And the help he provided was good, too.

  3. Is it me or do others find that speakfing to an English speaking tech helper is a job worse than self-fixing the computerproblem. I note that in countries where English barely spoken I can better understand many people than when speaking to folks in India, where English is learned at an early age…that said: what is left out is that tech help comes from places that not only have lots of English speakers but also have many who are trained in technology. What good is it if you can tlak to someone who speaks English if they have not the background you need for your help? Thus certain countries are most used for tech support because they have many people speaking English and schools pumping out tech =knowing lads and lassies.

  4. Cell phones and internet access do not occur in a vacuum, and in the third world there’s little or no dependable infrastructure outside capitals. Then there’s the fact that there’s not much law, and an endless supply of people who make a buck a day and would cut off a hand to migrate somewhere that their kids could get out of the slums.

    Amon is making a fairly common mistake in his assumption that “physical location has little meaning when one works via the net”. I have an office in Dhaka, Bangladesh, and although we exchange files via the net, we couldn’t do more (baud rate of maybe 24k) easily. The bottom line is that Bangladesh is the most corrupt country on the planet, and service in almost everything depends on either theft or bribes. So there’s a lack of places, even within India, one can find consistent ISP service. Then there’s the town or city in which one actually lives. Does it have typhoid outbreaks? Dengue? Crime? Physical location affects all of those things.

    Then there’s the tax question. Brussels and many US States want to levy their own taxes on internet exchange and traffic and trade. So if the EU decides it’s got to control the internet pipeline between Ireland and the US, then the US companies will go elsewhere to avoid the theivin EUrocrats.

  5. Lex is correct, though it breaks my libertarian techno-optimist’s heart to admit it. It is easier for anglophones to do business in the developed world, and particularly in the Anglosphere, and most particularly in the U.S. and UK, than it is elsewhere.

    One thing that stands out about the U.S. is that it’s possible to be wealthy, and even socially or politically prominent, and still to move around in freedom with little concern for personal safety. There are so many successful people in our society that it’s difficult to stand out as the big fish in the small pond. And the rule of law is established to the point that one doesn’t worry about being shaken down by petty officials. There are numerous countries where the business and social environments are routinely more hostile than they are in the worst parts of the most badly managed U.S. cities.

  6. Sorry, I don’t see what a World Soviet has anything to do with anything. Are people who share a common language necessarily under a single dictatorial government? Obviously not, as that’s not true of the English-speaking world, and it’s obvious that the English-speaking world is freer for sharing a common language. Just as sharing a common language makes borders much less relevant for English speakers, it would do the same for the entire world, and that’s a worthwhile goal.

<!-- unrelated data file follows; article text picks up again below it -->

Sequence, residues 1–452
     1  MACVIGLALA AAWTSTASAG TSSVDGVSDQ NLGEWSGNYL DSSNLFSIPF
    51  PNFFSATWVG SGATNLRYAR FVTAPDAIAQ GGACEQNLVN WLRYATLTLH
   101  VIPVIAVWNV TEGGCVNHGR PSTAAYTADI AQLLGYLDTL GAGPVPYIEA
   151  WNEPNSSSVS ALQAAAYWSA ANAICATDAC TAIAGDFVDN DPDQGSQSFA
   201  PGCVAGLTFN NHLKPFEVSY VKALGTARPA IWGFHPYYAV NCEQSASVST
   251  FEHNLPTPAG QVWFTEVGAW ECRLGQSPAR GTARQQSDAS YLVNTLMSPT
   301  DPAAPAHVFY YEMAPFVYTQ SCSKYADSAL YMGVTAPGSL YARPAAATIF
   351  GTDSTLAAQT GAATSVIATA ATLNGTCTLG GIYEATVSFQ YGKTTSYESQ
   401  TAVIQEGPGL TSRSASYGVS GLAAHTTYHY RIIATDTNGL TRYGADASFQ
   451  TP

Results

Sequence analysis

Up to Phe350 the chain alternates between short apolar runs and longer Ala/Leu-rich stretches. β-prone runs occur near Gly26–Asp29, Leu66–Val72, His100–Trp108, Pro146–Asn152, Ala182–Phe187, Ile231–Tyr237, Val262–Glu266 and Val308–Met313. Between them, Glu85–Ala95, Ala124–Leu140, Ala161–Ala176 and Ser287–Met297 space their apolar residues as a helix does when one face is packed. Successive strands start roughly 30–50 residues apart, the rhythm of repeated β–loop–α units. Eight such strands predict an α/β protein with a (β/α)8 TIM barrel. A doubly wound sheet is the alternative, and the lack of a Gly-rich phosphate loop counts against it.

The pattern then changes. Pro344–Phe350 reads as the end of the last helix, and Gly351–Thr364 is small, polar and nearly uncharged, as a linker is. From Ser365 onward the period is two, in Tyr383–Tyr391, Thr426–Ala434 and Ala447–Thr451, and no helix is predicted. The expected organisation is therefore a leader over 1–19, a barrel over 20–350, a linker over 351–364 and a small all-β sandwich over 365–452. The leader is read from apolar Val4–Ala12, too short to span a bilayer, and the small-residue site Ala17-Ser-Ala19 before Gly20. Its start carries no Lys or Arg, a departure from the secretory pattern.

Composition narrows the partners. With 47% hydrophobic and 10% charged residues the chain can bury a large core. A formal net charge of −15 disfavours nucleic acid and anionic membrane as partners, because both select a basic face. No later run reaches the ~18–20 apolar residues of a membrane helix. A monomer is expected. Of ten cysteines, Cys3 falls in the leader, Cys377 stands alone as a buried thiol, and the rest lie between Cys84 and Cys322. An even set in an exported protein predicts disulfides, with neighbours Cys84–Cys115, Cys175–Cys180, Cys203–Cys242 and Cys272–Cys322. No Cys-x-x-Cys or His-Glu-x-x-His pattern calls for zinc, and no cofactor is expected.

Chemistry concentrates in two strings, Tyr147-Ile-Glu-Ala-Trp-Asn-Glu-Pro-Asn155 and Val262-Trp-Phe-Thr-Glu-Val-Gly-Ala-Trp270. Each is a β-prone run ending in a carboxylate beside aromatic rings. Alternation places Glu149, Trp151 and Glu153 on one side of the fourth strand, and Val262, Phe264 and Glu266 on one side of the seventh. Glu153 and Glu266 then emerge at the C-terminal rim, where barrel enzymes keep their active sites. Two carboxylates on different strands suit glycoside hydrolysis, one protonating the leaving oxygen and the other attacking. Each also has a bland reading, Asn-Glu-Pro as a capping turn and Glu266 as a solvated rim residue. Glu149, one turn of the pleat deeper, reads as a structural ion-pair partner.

7. Adam, maybe you have some emotional investment in Esperanto. But, realistically, it is not going to happen. Historically, languages become widely used for reasons related to trade, political and military power, cultural prestige, etc. This process is spontaneous, unplanned, unorganized and bottom-up. It happened with Greek, Latin, French and now English. There is no reason to think English cannot effectively serve as a “universal language” of trade, science, business, etc. It largely does so now, and the process has been ongoing for many, many years. As far back as 1921 the global dominance of English was being predicted.

    Nor is there any reason to think that people would adopt Esperanto, a fabricated language, in its stead. So, the common language you propose for the whole world, if we ever have one, is pretty likely to be English.

  8. Lex, you’re right, Esperanto is probably not going to achieve significant widespread use anytime soon, and English is almost certainly a better choice for a mostly international language in the short to medium term at least, but Esperanto would be a better and more efficient choice if it were possible for it to gain a significantly large number of speakers. Sorry for my starry-eyed idealism. :-)

    People are unlikely to adopt Esperanto because of the problem of bootstrapping a large number of speakers, not because it’s “artificial” or “fabricated”. Because it’s planned, it is easier to learn for non-native speakers, and non-native speakers don’t have to study it for years just to speak it at a level inferior to native speakers.

    BTW, my guess is that around 1921 someone or other predicted the global dominance of each of the top five or more languages, so it’s not too surprising that someone also predicted the dominance of English.

  9. “…but Esperanto would be a better and more efficient choice if it were possible for it to gain a significantly large number of speakers. Sorry for my starry-eyed idealism. :-)”


    Why? (I was making fun of Chomsky’s politics with the “Soviet” crack). Why would Esperanto be a better and more effecient choice? This is a well hashed subject in liguistic circles that’s worth revisiting.

    There’s no single institution or body that defines “English” as a written language in an ‘international’ sense. Typically we accept a couple of “authorities” like Websters or the OED, but even those are perpetually a decade behind the loop in codifying the practical “use” in spoken English. I’d argue that it is the ability of writers in English to defy institutional definitions of terms and “rules” with the expectation that popular “use” is more powerful a linguistic argument than dictate from above.

    As either Tweedle Dee or Tweedle Dum (I get them mixed up) said to Alice: “He who defines, Rules”. If Esperanto ISN’T an argument in favor of centralized and controlled “definition”, what is it? Eh, Comrade?